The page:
Bookend Your Day

A strong, habit driven routine is the best way to make progress towards your goals.  By focusing on your Most Valuable Tasks each day, even for as little as 15 minutes, the gains you will accumulate over time will be amazing.

We have looked at creating unbreakable habits before, now I want to examine the best time to apply those habits for maximum leverage.  A habit consists of three parts:

  1. A trigger, or cue
  2. The routine
  3. A reward

While we have many small habits and routines running throughout the day, there is one specific routine that will offer the greatest return over time.  If you take the time to develop it.

Your alarm clock will be the trigger and completing your Most Valuable Tasks will be your reward.

The Morning Routine

Whether the day is for writing, designing, or painting, the consistent practice of a morning routine is the doorway into it all. – Elle Luna

Much has been written about the power of a strong morning routine.  There are websites dedicated to it, and books full of inspirational quotes and stories about it.  Famous people throughout history have lauded the morning routine; Theodore Roosevelt, Benjamin Franklin, Mark Twain.  On The Tim Ferris Show all the guests (all of whom are world class in their field) are asked what the first 90 minutes of their day looks like.

The evidence is all around us; if you want to go far then pay attention to the first thing you do each day.

Creating a morning routine is simple.

  1. Choose what to do – list your goals and dreams.  Then for each, write down what action you need to do again and again to reach that goal.
  2. Do that thing as soon as you wake up – jump out of bed and head straight to the typewriter, the easel, the gym.

It cannot be stressed enough how important it is to wake up at the same time each day in order for this to be the most effective.  The routine begins from the moment you open your eyes, and the best work is typically done before the rest of the world wakes up.

My personal morning routine looks like this; I wake no later than 05:45 with my alarm, though often I wake naturally around 05:30.  I stretch, throw on my running clothes, go downstairs and turn on the coffee.  Now I sit down and write until 06:30, sometimes a little later depending on what time I need to be at work that day.  I hit save on my progress, throw on my shoes, and head out the door.  The next hour is spent running, then doing calisthenics and swimming if I am at home.  Finally I move into the routine of having breakfast, getting cleaned up, and heading out the door.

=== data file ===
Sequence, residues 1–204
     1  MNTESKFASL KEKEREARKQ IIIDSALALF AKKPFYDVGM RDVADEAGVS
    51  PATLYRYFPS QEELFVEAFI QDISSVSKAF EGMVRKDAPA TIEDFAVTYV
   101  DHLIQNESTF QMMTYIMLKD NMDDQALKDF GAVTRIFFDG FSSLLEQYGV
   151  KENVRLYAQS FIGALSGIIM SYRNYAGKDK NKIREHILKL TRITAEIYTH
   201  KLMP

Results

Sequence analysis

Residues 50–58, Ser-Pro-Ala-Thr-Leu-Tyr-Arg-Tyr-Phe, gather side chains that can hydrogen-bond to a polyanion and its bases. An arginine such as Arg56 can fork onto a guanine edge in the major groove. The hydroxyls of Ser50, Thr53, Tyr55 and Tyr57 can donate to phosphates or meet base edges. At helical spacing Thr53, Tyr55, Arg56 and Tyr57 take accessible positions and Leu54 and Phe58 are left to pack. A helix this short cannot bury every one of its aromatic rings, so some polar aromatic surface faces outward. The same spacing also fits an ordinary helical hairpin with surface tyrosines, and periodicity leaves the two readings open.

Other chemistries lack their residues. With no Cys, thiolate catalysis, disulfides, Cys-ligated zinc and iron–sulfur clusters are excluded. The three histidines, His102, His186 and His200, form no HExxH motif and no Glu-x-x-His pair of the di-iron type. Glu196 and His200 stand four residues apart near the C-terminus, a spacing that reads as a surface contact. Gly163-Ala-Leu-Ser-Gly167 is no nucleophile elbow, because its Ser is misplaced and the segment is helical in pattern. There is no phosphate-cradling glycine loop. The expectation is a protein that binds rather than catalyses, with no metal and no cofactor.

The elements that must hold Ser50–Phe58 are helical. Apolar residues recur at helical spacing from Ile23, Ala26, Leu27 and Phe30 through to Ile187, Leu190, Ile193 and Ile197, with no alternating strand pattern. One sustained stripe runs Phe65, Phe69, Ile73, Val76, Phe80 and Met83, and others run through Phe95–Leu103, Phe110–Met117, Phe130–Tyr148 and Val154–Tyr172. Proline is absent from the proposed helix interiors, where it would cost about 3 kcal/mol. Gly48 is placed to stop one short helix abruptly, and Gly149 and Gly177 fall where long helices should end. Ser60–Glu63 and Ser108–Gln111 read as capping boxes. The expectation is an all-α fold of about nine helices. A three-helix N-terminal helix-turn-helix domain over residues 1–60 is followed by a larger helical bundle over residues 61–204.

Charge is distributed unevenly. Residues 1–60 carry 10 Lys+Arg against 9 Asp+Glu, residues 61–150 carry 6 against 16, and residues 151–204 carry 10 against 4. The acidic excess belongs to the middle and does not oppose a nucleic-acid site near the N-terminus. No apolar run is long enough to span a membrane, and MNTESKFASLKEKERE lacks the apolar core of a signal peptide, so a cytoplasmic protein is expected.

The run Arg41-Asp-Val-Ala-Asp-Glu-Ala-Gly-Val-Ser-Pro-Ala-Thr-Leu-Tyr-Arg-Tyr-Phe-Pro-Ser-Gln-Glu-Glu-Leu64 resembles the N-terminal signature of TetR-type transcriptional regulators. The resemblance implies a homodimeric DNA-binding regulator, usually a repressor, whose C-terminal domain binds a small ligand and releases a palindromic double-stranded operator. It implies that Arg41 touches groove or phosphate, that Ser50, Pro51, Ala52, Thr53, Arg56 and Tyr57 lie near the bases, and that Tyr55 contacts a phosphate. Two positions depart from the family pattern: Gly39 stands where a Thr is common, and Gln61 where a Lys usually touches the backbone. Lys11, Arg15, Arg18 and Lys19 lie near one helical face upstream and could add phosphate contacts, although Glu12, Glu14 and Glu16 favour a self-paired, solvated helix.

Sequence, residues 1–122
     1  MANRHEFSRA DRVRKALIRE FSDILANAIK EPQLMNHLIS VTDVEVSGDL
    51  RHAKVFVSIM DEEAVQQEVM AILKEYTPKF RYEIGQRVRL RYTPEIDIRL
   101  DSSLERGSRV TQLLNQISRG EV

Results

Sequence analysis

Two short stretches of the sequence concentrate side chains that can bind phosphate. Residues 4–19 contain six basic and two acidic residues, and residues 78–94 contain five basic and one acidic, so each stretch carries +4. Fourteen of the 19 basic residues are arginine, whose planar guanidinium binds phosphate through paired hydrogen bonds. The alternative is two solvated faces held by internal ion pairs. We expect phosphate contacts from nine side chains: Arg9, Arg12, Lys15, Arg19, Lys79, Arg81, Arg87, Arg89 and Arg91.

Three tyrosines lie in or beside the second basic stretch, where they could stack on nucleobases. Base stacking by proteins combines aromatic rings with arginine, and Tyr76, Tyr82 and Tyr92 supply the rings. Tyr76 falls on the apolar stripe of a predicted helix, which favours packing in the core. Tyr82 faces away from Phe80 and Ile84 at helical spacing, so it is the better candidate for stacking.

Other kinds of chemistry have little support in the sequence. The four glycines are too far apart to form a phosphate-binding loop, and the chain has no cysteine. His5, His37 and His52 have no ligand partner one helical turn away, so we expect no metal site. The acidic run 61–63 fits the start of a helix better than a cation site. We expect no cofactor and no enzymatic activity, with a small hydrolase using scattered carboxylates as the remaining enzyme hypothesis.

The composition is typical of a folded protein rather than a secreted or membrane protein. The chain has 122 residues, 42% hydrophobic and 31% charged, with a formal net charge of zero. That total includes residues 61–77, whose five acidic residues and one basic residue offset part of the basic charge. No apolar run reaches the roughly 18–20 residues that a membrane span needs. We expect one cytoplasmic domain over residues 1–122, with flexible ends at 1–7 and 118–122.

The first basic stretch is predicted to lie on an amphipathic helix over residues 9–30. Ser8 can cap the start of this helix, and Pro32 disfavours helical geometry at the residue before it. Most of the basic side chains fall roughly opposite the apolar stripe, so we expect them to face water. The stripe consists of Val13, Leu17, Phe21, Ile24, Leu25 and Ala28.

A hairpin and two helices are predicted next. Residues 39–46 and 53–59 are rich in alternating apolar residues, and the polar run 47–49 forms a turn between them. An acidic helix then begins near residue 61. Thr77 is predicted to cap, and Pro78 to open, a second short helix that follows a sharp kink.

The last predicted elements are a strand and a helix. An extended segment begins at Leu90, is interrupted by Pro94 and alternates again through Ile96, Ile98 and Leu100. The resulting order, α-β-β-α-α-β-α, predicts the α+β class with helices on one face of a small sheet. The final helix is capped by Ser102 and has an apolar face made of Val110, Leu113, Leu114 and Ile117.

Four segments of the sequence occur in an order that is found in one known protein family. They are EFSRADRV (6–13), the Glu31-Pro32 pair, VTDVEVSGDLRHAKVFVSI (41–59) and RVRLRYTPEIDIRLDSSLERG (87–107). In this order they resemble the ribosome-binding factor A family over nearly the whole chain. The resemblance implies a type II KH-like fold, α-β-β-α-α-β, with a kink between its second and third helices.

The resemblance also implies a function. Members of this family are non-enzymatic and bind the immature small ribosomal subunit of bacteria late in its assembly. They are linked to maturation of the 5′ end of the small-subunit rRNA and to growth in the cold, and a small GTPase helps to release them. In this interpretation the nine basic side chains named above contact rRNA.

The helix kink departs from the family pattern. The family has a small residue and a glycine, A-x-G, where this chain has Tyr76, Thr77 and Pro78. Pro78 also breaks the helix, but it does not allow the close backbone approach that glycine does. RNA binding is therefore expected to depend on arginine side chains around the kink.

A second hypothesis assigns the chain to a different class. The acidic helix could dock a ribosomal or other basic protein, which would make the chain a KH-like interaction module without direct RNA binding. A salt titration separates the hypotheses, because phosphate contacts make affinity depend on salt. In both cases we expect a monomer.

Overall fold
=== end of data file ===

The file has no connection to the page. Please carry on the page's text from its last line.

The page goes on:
It is the same every day whether at home, in a hotel, or on a ship.  If I need to leave earlier to get to a work site then I modify by waking earlier or training later.  If I’m on a tug with no way to run I’ll focus on the calisthenics for that day.  Simple.

My one word of caution is to keep your routine simple.  Subtraction > addition.  There is plenty of great advice out there, the trouble is that if you try to follow it all you will end up following none.  Stick with those two or three actions that will make the biggest impact in your life, and only add in something new when the previous actions are firmly established.

The Evening Routine

The evening routine has one single purpose – to facilitate the next day’s morning routine.

Some people do their writing or training in the evening so will need to modify this, going so far as switching the two routines from morning to night.  But the bulk of people will have better long term success working to build a strong morning routine and working with that.  Life doesn’t start to get in the way at 5:00 a.m..  That typically comes later in the day.

The evening routine will be much shorter, as it is comprised of smaller tasks.  Creating a good one means you must examine everything you want to get done the next morning, then systematically remove as many barriers as possible the night before.

In way of example, my evening routine goes like this;  after dinner is over I’ll make my lunch.  Kids lunches too.  I’m in there tidying up anyways so better to do it all at once.  The coffee gets set for the next morning and the dishwasher is turned on so that it can be emptied in the morning then re-filled throughout the day.

I might poke around in the garage, pack my bag if I’ll be traveling, or prepare paperwork for the next days job until it is the kids bedtime.  Brush teeth, read stories, lights out.  Then I go lay out my running clothes so I don’t need to turn on the light when I wake up.  With that done I like to do a little stretching, often times running through a Founder Sequence from Dr. Eric Goodman (great for your back!).  Finally, I fill out my Bullet Journal for the day, logging that mornings run, write down thoughts, make lists, whatever needs to go in there.  Then I jump into bed and watch an episode of something on Netflix with my wife, or read a bit, until it’s lights out at 10:00 p.m..  That time is important as it’s what ensures I get the sleep required to wake up energized and ready to get after it.